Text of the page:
Internal Revenue Service:
Status of GAO Financial Audit and Related Financial Management Report Recommendations
GAO-07-629: Published: Jun 7, 2007. Publicly Released: Jun 7, 2007.
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In its role as the nation's tax collector, the Internal Revenue Service (IRS) has a demanding responsibility in annually collecting over $2 trillion in taxes, processing hundreds of millions of tax and information returns, and enforcing the nation's tax laws. Since its first audit of IRS's financial statements in fiscal year 1992, GAO has identified a number of weaknesses in IRS's financial management operations. In related reports, GAO has recommended corrective action to address those weaknesses. Each year, as part of the annual audit of IRS's financial statements, GAO not only makes recommendations to address any new weaknesses identified but also follows up on the status of weaknesses GAO identified in previous years' audits. The purpose of this report is to (1) assist IRS management in tracking the status of audit recommendations and actions needed to fully address them and (2) demonstrate how the recommendations relate to control activities central to IRS's mission and goals. GAO is making no new recommendations in this report.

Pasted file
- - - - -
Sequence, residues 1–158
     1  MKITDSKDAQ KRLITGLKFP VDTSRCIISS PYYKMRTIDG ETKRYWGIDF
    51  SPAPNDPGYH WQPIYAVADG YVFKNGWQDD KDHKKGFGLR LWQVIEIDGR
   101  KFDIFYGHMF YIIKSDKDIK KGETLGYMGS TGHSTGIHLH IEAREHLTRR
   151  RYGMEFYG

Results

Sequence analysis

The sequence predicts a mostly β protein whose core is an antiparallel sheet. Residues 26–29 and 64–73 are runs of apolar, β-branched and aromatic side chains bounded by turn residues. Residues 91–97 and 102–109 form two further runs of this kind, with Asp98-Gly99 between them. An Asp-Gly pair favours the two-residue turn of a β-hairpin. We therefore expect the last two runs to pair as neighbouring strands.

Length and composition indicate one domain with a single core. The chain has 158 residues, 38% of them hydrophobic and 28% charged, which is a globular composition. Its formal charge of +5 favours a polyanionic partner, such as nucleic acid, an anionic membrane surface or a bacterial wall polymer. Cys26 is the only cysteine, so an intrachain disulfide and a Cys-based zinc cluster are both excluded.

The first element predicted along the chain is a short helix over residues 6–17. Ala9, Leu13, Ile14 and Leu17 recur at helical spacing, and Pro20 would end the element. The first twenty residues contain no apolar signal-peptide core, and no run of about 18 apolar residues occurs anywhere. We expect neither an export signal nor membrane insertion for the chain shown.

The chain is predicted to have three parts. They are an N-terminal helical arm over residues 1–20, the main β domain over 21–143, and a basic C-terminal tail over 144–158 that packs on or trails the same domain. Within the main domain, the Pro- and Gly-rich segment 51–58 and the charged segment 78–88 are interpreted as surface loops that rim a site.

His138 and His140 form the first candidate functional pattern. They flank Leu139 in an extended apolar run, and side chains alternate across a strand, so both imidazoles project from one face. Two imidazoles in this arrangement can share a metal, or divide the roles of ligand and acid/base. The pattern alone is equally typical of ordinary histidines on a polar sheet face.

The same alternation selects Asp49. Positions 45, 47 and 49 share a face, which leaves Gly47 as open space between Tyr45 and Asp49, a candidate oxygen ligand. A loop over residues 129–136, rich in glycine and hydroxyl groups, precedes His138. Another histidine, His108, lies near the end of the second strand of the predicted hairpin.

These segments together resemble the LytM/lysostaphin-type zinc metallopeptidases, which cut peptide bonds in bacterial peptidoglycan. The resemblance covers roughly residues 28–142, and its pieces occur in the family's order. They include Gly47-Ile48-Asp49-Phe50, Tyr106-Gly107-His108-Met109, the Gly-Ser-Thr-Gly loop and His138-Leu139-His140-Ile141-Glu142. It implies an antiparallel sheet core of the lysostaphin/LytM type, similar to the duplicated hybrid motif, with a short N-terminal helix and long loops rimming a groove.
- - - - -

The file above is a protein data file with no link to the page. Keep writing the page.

IRS has made significant progress in improving its internal controls and financial management since its first financial statement audit in 1992, as evidenced by 7 consecutive years of clean audit opinions on its financial statements, the resolution of several material internal control weaknesses, and the closing of over 200 financial management recommendations. This progress has been the result of hard work and commitment at the top levels of the agency. However, IRS still faces financial management challenges. At the beginning of GAO's audit of IRS's fiscal year 2006 financial statements, 72 financial management-related recommendations from prior audits remained open because IRS had not fully addressed the issues that gave rise to them. During the fiscal year 2006 financial audit, IRS took actions that enabled GAO to close 25 of those recommendations. At the same time, GAO identified additional internal control issues resulting in 28 new recommendations. In total, 75 recommendations currently remain open. To assist IRS in evaluating and improving internal controls, GAO categorized the 75 open recommendations by various internal control activities which, in turn, were grouped into three broad control activity groupings. The continued existence of internal control weaknesses that gave rise to these recommendations represents a serious obstacle that IRS needs to overcome. Effective implementation of GAO's recommendations can greatly assist IRS in improving its internal controls and achieving sound financial management and can help enable it to more effectively carry out its tax administration responsibilities. IRS acknowledged the status of GAO's recommendations and indicated its desire to ensure that its corrective actions appropriately address its internal control issues.